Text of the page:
GlycoMimetics is developing GMI-1271, a specific E-selectin inhibitor, to be used in combination with chemotherapy to treat patients with AML, MM and potentially other hematologic cancers.
E-selectin plays a critical role in binding cancer cells within vascular niches in the bone marrow, which prevents the cells from entering circulation where they can be more readily killed by chemotherapy. In separate animal studies, GMI-1271 mobilized AML and MM cancer cells out of the bone marrow, making them more sensitive to chemotherapy. In both the AML and MM studies, tumor burden was significantly reduced in the animals treated with a combination of chemotherapy and GMI-1271 as compared to animals treated with chemotherapy alone. In addition, the combination of GMI-1271 with chemotherapy resulted in improved survival rates for the treated animals, compared to chemotherapy alone. In other animal studies, GMI-1271 appeared to also protect normal cells from some of the side effects of chemotherapy. Common side effects of chemotherapy include bone marrow toxicity resulting in neutropenia, which is an abnormally low number of neutrophils, the white blood cells that serve as the primary defense against infection, and mucositis, which is the inflammation and sloughing of the mucous membranes lining the digestive tract. Animals treated with GMI-1271 and chemotherapy had less severe neutropenia and mucositis and lower bone marrow toxicity as compared to animals treated with chemotherapy alone. We believe that treatment with GMI-1271 results in lower bone marrow toxicity due to its inhibition of E-selectin, which inhibition makes stem cells in the bone marrow divide less frequently, thereby protecting them from chemotherapy agents that target rapidly dividing cells.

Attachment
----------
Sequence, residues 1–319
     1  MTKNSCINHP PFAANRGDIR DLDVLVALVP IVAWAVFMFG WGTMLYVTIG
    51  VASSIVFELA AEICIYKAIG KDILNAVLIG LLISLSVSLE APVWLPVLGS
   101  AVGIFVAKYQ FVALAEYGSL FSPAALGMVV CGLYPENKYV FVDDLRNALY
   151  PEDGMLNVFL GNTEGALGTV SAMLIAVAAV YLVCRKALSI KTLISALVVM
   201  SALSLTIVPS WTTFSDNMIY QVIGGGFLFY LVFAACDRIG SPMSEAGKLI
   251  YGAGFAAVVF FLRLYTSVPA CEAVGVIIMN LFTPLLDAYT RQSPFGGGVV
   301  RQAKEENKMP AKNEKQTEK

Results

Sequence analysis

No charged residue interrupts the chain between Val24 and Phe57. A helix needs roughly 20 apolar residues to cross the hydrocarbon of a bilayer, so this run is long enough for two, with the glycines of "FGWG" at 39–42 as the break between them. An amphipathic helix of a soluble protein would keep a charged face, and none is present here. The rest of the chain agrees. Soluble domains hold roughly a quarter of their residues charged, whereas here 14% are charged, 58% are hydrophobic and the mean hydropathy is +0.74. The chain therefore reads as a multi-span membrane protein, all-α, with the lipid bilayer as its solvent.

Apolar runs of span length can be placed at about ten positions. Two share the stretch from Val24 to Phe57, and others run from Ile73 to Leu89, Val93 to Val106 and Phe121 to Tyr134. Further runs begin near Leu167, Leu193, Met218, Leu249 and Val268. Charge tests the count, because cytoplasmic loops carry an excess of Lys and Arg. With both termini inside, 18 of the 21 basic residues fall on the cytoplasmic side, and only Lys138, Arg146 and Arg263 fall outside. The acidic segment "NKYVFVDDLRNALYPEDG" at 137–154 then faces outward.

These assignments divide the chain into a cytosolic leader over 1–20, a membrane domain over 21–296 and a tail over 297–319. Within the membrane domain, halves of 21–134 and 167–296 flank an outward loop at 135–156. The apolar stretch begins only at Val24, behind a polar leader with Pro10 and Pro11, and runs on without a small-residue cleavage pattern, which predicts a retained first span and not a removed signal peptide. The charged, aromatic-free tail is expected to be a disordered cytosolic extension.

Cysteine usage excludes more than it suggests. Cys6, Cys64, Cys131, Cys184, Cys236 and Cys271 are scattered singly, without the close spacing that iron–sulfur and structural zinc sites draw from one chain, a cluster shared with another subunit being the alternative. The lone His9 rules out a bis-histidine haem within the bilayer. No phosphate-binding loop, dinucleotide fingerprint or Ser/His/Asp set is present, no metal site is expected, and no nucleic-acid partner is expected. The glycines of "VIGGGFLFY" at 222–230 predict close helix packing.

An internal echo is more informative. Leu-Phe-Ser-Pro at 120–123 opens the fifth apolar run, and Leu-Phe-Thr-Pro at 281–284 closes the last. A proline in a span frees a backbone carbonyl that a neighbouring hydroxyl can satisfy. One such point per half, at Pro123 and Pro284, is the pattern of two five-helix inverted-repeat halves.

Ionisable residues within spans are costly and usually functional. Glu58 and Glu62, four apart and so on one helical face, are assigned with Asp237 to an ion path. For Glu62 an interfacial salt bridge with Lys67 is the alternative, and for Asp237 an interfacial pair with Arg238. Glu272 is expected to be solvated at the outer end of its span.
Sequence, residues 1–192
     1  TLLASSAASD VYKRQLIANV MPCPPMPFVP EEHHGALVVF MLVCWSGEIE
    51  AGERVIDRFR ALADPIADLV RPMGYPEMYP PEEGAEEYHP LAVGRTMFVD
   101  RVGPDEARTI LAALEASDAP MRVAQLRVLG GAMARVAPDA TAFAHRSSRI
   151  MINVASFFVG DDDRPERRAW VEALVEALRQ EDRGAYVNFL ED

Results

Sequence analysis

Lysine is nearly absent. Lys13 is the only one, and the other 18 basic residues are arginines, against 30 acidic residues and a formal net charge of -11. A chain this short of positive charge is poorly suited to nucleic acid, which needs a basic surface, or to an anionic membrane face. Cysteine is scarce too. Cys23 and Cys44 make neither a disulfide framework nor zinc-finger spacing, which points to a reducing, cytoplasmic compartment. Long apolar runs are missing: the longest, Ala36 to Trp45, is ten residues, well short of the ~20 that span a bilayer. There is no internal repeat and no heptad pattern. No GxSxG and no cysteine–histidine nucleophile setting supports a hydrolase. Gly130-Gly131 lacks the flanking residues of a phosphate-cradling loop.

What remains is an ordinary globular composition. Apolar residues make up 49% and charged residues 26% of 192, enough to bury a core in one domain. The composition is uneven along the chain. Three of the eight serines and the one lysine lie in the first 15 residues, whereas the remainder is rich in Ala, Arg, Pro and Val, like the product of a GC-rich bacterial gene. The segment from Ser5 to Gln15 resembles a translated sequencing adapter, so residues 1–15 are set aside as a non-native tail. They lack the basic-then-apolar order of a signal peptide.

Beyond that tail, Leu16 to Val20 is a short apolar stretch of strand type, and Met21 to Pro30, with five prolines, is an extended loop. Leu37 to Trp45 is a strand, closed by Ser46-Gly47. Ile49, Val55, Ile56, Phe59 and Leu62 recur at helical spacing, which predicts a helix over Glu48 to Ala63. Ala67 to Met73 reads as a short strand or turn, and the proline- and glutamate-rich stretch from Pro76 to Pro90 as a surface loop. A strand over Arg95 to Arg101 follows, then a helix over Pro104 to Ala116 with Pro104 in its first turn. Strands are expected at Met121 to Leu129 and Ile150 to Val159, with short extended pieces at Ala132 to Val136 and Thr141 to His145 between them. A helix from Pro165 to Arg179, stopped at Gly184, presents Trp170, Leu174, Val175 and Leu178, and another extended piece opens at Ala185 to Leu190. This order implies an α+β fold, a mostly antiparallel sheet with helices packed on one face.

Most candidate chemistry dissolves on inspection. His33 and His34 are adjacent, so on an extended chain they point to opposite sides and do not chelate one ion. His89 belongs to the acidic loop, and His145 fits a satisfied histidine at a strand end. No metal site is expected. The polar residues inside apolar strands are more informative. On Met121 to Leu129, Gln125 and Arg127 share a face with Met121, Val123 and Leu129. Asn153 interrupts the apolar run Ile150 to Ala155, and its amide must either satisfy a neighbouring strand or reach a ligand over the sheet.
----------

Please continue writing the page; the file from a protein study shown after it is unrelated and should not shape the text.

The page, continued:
In 2017 we completed enrollment and in December 2017, at the annual meeting of the American Society of Hematology, we presented clinical data from our recently completed Phase 1/2 clinical trial in defined populations of patients with AML that showed high remission rates, improved overall survival and improved duration of survival, as compared to historical controls. In addition, the data suggested a favorable safety, pharmacokinetic, or PK, and biomarker profile for GMI-1271. Full details regarding the Phase 1/2 results presented at ASH 2017 may be found here: DeAngelo-GMI-1271-201-ASH-2017-Abstract-894.pdf
We have also initiated a Phase 1 multiple ascending dose-escalation trial of GMI-1271 in defined populations of patients with MM and plan to continue enrollment of the trial in 2018. We anticipate initial topline data in the first quarter of 2019 in this trial.
The FDA has granted Breakthrough Therapy Designation for GMI-1271 in adults with relapsed or refractory AML. Additionally, GMI-1271 has received Fast Track designation from the FDA, which may lead to speedier delivery to people living with AML if the treatment is found to be effective. The European Union granted Orphan Drug Designation for GMI-1271 in AML, a designation the FDA granted the drug candidate in 2015. GMI-1271 has not been approved for use by any worldwide health authority.
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